- A practical parenting time schedule that works in the best interest of the child and includes holiday and school vacation times
- A child exchange procedure that include times, locations, and other essential details
- Any child support payments, in accordance with the Arizona Child Support Guidelines
- A Conflict resolution procedure relating to the parenting plan and any proposed changes, relocations, and alleged breaches.
- A timetable of periodic reviews of the parenting plan
- A procedure for communicating with each other about the child, including methods and frequency
- An attestation that both parents have read, understood, and agree to the terms set forth
How is Child Support Handled in Parenting Plans
Child support orders differ on a case by case basis, but typically the court applies the Arizona Child Support Guidelines.
The court provides an online calculator for the public to use to get an idea of how much their child support payments might be.
In your parenting plan, you should include the child support payments and who pays them to who, who should pay for insurance and its cost, the parents income, parenting time as well as childcare, extracurricular activities, and school tuition where appropriate within the Guidelines.
In cases where the parents do not agree, the judge decides.
They consider the factors in the Arizona Child Support Guidelines such as how much time the child spends with each parent, each parents’ income, and more. They then apply these factors in the child support guidelines.
Choosing a Parenting Time Schedule That Works
Parenting time is one of the most contentious topics when it comes to creating parenting plans. Sometimes, both parents want to spend as much time with the child as they can.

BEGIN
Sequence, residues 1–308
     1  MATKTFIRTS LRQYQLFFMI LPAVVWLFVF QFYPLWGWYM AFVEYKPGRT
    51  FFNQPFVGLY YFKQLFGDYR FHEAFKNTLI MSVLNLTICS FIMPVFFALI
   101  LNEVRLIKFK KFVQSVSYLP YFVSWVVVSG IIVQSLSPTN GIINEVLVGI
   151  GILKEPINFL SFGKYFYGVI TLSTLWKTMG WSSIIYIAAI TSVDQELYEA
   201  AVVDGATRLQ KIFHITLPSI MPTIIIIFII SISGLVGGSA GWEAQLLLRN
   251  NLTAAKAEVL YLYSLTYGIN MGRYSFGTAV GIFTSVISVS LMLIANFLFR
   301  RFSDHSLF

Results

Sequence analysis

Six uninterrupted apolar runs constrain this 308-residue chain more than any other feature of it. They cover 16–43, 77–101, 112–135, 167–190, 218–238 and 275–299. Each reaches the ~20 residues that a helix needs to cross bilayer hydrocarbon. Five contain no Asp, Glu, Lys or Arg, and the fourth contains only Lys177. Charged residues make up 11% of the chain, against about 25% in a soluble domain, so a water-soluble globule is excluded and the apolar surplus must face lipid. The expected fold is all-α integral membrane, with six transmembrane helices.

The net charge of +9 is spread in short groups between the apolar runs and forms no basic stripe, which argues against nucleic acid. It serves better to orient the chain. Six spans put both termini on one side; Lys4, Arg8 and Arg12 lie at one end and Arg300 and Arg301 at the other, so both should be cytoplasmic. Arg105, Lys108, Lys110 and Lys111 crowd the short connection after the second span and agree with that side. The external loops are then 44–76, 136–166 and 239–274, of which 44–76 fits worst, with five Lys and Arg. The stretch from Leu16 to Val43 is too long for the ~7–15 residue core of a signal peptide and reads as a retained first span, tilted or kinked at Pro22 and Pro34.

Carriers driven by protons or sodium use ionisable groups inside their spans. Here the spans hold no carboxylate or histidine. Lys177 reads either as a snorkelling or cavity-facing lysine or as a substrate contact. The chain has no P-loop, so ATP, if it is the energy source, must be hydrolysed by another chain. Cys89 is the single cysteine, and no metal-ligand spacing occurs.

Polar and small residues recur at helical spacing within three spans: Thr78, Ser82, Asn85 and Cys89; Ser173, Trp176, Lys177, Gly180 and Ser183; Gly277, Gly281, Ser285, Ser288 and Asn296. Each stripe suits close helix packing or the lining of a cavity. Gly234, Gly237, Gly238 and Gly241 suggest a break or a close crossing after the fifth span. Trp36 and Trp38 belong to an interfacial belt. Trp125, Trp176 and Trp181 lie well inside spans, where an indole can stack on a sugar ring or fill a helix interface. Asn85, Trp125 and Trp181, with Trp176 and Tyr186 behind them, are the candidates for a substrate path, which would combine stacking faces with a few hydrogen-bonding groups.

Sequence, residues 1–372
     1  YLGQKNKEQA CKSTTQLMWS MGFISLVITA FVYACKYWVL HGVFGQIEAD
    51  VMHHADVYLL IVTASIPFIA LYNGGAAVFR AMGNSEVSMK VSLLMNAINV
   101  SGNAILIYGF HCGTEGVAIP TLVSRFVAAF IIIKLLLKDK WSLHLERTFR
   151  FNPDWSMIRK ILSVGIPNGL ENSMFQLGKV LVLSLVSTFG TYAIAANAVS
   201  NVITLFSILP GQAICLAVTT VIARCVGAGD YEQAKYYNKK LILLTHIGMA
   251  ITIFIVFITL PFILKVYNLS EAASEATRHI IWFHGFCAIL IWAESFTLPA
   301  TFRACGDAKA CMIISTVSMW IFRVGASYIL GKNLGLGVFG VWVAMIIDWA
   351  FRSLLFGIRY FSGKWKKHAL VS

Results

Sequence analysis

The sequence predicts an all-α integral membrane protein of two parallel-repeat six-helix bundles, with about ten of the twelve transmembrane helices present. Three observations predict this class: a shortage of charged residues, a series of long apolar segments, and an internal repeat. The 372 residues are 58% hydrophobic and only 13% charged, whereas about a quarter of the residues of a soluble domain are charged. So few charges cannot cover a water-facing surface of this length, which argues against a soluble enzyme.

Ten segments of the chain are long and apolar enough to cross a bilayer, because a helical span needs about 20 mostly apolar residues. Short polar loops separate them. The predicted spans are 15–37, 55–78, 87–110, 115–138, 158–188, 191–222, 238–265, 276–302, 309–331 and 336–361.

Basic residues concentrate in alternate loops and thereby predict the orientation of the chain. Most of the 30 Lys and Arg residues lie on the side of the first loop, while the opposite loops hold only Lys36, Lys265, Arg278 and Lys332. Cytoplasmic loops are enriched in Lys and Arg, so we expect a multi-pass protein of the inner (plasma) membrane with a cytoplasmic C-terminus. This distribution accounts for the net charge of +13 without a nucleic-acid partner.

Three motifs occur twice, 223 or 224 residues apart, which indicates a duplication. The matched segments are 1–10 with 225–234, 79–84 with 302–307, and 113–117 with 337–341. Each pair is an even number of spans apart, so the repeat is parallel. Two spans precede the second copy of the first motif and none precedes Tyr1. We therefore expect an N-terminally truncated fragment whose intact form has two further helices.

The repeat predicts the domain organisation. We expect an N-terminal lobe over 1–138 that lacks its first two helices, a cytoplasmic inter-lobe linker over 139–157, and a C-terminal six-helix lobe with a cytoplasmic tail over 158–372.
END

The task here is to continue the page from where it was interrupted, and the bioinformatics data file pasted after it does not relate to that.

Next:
Other times, one parent might want to restrict the other’s parenting time or just have more of the parenting time because that is what they had become accustomed to during the marriage.
Either way, disputes over who will have the children can become heated and stressful.
It is best to be as open-minded as possible when you and your ex-spouse discuss the parenting time plan.
You should always keep the best interest of the child in mind when you are making parenting schedule decisions. Studies show that children who spend time with both parents after a divorce are healthier and happier throughout their lives.
The parenting time inquiry usually starts at equal and moves away from equal, if such movement is in the child’s best interest.
Equal Parenting Time
Developing a plan that gives each parent equal time to spend with their child is a good option for most families.
There are several great ways for you and your ex-spouse to spend equal time with your children. You can split the week, alternate weeks, or even alternate every few days.
If you have young children, alternating parenting time more frequently might be a better choice for your family.
Younger kids often have difficulty being away from either parent for long periods.
Divided Parenting Time
Equal parenting time is not always the best option for families. If the parents do not live close to each other, weekday visits can be challenging.
In these situations, it might be better for one parent to have parenting time during the week while the other parent sees the child on the weekends with shorter evening visits during the week.
While this is not ideal and the evening visits are sometimes impractical for the parent, always look at what is in the best interests of the child.
Long distance is particularly a problem for school age children. Many hours in traffic, being late to school, and spending every other week away from their friends may not be in their best interests.
But, it is absolutely a case by case situation. Some parents work well together and have the flexibility in their schedules to make it work while others don’t.
If your child is not able to spend as much time with you regularly, you should make every attempt to be in your child’s life in other ways.
That could include prolonged parenting time during the summer, involvement in extracurricular activities, or other activities that help you and your child bond.
If you divide time using an unconventional schedule, you need to make sure that you put everything in your parenting plan. Otherwise, you are trusting in good faith that the other parent will allow you to spend time with your child, and they might not.
Parenting plans should not be complicated. This will lead to dispute which can devolve the relationship between the parents and lead to more litigation.
The parenting plan is the backup resource, if there is a dispute you should be able to refer to your parenting plan and clearly identify who has parenting time.